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J Med Toxicol. 2015 Jun;11(2):265-73. doi: 10.1007/s13181-015-0472-1.

Data Mining FAERS to Analyze Molecular Targets of Drugs Highly Associated with Stevens-Johnson Syndrome.

Author information

1
Medical Informatics Team, Office of Clinical Pharmacology, Office of Translational Science, Division of Applied Regulatory Science, Center for Drug Evaluation and Research, Food and Drug Administration, Bldg 64, Rm 2012, 10903 New Hampshire Ave, Silver Spring, MD, 20993, USA, keith.burkhart@fda.hhs.gov.

Abstract

Drug features that are associated with Stevens-Johnson syndrome (SJS) have not been fully characterized. A molecular target analysis of the drugs associated with SJS in the FDA Adverse Event Reporting System (FAERS) may contribute to mechanistic insights into SJS pathophysiology. The publicly available version of FAERS was analyzed to identify disproportionality among the molecular targets, metabolizing enzymes, and transporters for drugs associated with SJS. The FAERS in-house version was also analyzed for an internal comparison of the drugs most highly associated with SJS. Cyclooxygenases 1 and 2, carbonic anhydrase 2, and sodium channel 2 alpha were identified as disproportionately associated with SJS. Cytochrome P450 (CYPs) 3A4 and 2C9 are disproportionately represented as metabolizing enzymes of the drugs associated with SJS adverse event reports. Multidrug resistance protein 1 (MRP-1), organic anion transporter 1 (OAT1), and PEPT2 were also identified and are highly associated with the transport of these drugs. A detailed review of the molecular targets identifies important roles for these targets in immune response. The association with CYP metabolizing enzymes suggests that reactive metabolites and oxidative stress may have a contributory role. Drug transporters may enhance intracellular tissue concentrations and also have vital physiologic roles that impact keratinocyte proliferation and survival. Data mining FAERS may be used to hypothesize mechanisms for adverse drug events by identifying molecular targets that are highly associated with drug-induced adverse events. The information gained may contribute to systems biology disease models.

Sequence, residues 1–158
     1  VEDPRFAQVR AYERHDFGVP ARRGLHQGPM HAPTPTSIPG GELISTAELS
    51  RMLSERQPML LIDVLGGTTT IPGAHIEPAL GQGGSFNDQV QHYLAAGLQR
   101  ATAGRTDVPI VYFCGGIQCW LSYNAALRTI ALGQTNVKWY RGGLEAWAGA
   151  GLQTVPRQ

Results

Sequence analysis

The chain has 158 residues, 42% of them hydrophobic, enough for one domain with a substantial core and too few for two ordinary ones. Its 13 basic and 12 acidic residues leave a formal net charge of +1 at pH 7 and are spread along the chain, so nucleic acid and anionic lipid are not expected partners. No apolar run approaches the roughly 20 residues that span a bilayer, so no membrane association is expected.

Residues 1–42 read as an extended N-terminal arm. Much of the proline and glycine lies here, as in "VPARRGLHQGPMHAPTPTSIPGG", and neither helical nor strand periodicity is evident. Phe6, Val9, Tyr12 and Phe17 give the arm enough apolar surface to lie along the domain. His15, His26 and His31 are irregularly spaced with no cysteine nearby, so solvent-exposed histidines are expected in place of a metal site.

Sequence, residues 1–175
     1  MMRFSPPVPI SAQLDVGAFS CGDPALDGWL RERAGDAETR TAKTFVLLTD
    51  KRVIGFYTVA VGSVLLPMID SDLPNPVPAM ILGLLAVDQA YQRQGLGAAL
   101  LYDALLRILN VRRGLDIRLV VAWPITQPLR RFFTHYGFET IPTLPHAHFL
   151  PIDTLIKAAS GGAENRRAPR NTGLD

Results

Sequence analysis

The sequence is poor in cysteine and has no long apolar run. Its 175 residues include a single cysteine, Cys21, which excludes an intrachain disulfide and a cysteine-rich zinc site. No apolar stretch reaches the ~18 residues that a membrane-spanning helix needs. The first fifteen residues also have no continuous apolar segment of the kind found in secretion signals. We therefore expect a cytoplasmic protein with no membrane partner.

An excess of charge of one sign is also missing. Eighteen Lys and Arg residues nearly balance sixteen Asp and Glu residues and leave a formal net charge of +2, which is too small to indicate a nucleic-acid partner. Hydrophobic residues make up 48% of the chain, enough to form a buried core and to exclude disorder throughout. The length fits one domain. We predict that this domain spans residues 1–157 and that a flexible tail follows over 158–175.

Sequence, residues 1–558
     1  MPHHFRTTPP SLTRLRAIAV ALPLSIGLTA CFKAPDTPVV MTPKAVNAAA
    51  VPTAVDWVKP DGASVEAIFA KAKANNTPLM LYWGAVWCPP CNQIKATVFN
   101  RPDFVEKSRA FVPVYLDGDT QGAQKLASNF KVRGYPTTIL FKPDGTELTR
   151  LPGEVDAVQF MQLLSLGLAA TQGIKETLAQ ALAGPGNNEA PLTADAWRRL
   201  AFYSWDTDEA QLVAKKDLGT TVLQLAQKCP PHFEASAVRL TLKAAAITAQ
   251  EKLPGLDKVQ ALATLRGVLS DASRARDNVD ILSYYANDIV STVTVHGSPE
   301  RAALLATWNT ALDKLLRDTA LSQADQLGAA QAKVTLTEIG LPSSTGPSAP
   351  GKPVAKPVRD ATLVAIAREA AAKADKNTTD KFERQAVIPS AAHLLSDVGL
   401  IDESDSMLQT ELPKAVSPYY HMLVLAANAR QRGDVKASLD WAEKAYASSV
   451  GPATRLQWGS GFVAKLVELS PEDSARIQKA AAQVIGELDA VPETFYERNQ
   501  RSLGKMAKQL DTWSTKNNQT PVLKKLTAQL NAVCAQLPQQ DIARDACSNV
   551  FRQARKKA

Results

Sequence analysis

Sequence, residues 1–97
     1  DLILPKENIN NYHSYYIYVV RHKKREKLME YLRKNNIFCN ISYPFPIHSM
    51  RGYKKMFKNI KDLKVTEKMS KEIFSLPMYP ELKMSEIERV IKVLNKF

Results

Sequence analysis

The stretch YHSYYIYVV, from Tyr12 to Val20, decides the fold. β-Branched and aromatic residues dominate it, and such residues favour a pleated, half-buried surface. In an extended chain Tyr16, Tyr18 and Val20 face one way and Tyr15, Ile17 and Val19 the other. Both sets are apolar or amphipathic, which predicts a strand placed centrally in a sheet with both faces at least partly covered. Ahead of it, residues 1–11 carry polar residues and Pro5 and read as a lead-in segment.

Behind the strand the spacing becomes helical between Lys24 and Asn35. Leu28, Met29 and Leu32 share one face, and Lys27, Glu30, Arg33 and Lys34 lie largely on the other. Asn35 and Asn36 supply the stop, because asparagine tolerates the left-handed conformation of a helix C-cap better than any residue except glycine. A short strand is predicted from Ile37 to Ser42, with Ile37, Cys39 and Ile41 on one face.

PMID:
25876064
PMCID:
PMC4469729
DOI:
10.1007/s13181-015-0472-1
[Indexed for MEDLINE]
Free PMC Article

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